The complexity of relationship is another core issue. Investigating questions about where a comfortable familiarity born of intimacy becomes boredom and habit, where dependence and sacrifice might seek to become a kind of "power" over the beloved, where a romantic "melding of souls" might become a pathological surrender of identity, Ozon provokes us toward self-examination through our reactions to the characters and situations he has created.

Maire’s choices about her life: how - and even whether - she wishes to continue it, invite us to think about our own. The examination of the process through which she decides how to react to the offer of relationship from her new friend Vincent reflects human concerns, hopes and anxieties we have all felt. Her decision - partly conscious, partly unconscious - not to abandon her feelings for Jean and her refusal to accept a conventional "conclusion"to a situation she knows intuitively can never be resolved - will always be a loose end - can be seen to have aspects of both an act of existential courage, and one of neurotic desperation.

It is because Ozon refuses to pander to our "need to know" that the film becomes so interesting and engaging. He uses our expectation of some logical explanation to draw us into the story, and then, when an apparent explanation materializes, reminds us that such rational considerations can be completely irrelevant to our inner experience. He uses the languorous pace and extended, passive observations of his characters to re-enforce the sense of the difference between story-telling and living, and suggest the incomprehensible density of the overlapping layers of meaning in actual life. The longer we look, the more we see.

As in actual life - and mirroring Sartre’s reflection on story-telling in Nausea - the film doesn’t have a traditional narrative structure. The "beginning," especially, seems completely arbitrary and inconsequential. The "middle" is already far into development in the opening shots of the film, and the "end" after suggesting the possibility of a traditional "denouement," trails off unsteadily into ambiguity.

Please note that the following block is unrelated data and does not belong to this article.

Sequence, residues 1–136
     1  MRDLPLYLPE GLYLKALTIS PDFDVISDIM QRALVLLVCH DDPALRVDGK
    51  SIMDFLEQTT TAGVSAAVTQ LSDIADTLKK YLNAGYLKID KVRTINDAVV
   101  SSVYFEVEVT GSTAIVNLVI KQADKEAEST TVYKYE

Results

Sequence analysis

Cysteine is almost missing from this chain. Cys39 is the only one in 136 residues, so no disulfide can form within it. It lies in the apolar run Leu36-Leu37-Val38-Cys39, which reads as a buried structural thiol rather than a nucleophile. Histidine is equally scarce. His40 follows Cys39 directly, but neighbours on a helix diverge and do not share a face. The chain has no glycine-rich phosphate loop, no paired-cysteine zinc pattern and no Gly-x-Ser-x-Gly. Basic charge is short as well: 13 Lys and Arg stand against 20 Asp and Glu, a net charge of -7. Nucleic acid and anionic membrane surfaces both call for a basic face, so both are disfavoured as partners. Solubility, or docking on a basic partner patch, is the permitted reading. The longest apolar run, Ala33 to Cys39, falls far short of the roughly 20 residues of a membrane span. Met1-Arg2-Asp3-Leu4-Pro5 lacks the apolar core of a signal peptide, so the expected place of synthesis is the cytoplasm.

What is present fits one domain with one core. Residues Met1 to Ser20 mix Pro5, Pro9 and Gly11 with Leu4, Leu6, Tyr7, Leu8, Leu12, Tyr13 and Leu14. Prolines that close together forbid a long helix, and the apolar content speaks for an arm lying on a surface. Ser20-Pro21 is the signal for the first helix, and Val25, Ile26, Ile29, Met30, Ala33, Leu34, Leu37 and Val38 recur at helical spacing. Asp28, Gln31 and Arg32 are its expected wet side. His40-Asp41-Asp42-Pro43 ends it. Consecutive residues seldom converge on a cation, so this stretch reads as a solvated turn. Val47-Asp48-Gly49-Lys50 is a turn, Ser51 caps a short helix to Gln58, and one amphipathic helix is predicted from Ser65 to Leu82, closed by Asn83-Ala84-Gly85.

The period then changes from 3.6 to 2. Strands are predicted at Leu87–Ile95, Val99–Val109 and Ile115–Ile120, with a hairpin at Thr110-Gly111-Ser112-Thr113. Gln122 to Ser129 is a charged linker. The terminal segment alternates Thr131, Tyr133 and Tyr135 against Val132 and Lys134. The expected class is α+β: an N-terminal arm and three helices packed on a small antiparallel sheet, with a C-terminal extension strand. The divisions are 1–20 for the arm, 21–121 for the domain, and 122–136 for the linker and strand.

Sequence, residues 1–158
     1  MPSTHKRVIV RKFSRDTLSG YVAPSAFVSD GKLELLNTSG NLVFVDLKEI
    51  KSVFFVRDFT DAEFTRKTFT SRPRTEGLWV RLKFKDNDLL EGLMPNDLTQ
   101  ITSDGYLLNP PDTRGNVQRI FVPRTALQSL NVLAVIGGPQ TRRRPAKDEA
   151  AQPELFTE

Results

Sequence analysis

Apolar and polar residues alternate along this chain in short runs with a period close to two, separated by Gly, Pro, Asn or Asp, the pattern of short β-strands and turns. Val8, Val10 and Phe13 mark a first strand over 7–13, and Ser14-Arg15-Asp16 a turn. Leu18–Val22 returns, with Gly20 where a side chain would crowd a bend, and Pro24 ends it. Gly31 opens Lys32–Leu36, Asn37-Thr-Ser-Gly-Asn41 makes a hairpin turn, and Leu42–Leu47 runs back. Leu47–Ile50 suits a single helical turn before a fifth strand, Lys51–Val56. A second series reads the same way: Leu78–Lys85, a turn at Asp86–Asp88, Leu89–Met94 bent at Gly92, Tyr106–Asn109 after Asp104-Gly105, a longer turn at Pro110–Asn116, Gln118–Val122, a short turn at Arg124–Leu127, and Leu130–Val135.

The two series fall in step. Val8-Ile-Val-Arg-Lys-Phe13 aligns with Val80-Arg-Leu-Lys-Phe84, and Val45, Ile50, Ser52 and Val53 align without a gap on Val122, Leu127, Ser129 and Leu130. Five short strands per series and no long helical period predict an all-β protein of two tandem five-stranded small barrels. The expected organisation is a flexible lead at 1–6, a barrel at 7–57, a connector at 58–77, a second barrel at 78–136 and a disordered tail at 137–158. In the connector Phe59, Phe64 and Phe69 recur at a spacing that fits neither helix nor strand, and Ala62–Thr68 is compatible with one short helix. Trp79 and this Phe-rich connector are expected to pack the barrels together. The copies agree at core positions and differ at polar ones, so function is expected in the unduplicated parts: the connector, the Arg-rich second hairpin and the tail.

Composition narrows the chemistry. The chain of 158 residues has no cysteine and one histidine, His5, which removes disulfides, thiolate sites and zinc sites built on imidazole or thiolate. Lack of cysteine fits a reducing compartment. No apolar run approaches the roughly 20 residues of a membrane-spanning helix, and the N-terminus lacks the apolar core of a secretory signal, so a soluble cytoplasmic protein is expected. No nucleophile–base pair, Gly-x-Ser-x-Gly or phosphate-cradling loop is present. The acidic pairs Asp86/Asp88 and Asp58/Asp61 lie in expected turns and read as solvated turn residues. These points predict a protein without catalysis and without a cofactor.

This is film, as I have said, of portraiture, rather than narrative. Not a portrait of character, in the sense of how one’s inner reality manifests in outer life, but of identity itself. It is a bold experiment, which is surprisingly successful. It conveys feelings (not sentiments) rather than ideas, action or philosophy. It invites us to examines facets of "the human condition" - our own - through the microcosm of one ordinary human life, one unusual - but perhaps, as it turns out, not very extraordinary - set of circumstances.

To carry the weight of such an experiment, Ozon needed an actress who could convey both the surface and the deeper reactions and feelings of Marie’s character without "acting." Charlotte Rampling gives a performance that in its very opacity, its explicit lack of commitment to a "character" in the conventional dramatic sense, fulfills the evocative possibilities of film to an unusual degree. Her ability to expose herself to the camera, to let it study her without feeling the need to "do" anything gives the film a strong sense of authenticity. The Marie she creates is as difficult to fathom, as mundane and unexciting as a real person.